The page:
Detecting cell motion during early embryogenesis
by Lukas F. Lang (RICAM, Austrian Academy of Sciences, Austria)
Our main motivation is to estimate cell motion in time-lapse volumetric microscopy images depicting fluorescently labelled cells of a live zebrafish embryo. It has been only recently possible to obtain high-resolution observations of biological model organisms such as the zebrafish. Increasing spatial and temporal resolutions lead to vast amounts of data that make the extraction of information through visual inspection impracticable. Automated cell motion estimation therefore is key to large-scale analysis of such data.
Left: Volumetric zebrafish microscopy image. Center: Approximated sphere-like surface. Right: Colour-coded visualisation of the optical flow field. All dimensions are in micrometer (μm).
In image analysis and computer vision, motion estimation is a fundamental problem that can be treated by the optical flow computation. Optical flow delivers necessary quantitative methods and leads to insights into the underlying cellular mechanisms and the dynamic behavior of cells. We compute optical flow on evolving two-dimensional Riemannian manifolds which can be radially parametrised from the sphere , as they suit quite naturally to the given data. We give a variational formulation of optical flow and we solve the problem by a Galerkin method in a finite-dimensional subspace of an appropriate (vectorial) Sobolev space. We arrive at a minimisation problem over Rn where the optimality conditions can be written purely in terms of spherical quantities and can be solved on the 2-sphere.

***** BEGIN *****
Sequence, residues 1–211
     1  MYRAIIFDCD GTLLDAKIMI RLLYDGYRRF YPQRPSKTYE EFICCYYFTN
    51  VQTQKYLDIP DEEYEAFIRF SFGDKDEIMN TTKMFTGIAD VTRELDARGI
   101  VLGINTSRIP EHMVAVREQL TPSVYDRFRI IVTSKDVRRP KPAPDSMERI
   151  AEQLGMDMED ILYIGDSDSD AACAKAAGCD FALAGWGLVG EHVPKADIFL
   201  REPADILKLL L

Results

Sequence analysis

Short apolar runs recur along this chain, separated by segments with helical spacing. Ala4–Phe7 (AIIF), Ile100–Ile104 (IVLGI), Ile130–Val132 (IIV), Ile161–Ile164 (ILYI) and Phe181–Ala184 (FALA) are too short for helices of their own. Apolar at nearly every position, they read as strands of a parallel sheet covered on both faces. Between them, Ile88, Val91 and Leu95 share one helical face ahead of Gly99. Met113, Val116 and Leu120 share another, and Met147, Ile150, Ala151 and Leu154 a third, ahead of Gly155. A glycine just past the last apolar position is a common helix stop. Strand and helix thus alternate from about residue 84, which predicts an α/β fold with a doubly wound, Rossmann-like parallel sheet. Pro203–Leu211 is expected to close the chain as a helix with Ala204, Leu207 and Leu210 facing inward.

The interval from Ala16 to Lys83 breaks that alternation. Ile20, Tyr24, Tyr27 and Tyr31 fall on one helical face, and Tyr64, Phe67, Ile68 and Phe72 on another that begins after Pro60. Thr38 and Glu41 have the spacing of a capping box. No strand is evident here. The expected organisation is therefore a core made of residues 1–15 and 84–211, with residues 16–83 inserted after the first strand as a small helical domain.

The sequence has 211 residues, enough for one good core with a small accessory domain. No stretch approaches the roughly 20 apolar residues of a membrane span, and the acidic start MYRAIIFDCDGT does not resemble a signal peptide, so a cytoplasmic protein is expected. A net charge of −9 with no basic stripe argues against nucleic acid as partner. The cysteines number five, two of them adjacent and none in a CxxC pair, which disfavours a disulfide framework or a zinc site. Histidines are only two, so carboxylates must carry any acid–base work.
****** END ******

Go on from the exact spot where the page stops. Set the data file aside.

Secondly, to obtain a smooth sphere-like surface from the observed microscopy data, we formulate the problem of finding its (spatially varying) radius as a variational problem on the sphere. Finally, we present numerical experiments on the basis of the mentioned cell microscopy data of a zebrafish.
Joint work with Otmar Scherzer (CSC, University of Vienna and RICAM, Austria).
Acknowledgments:This work has been supported by the Vienna Graduate School in Computational Science (IK I059-N) funded by the University of Vienna. In addition, we acknowledge the support by the Austrian Science Fund (FWF) within the national research network “Geometry + Simulation” (project S11704, Variational Methods for Imaging on Manifolds).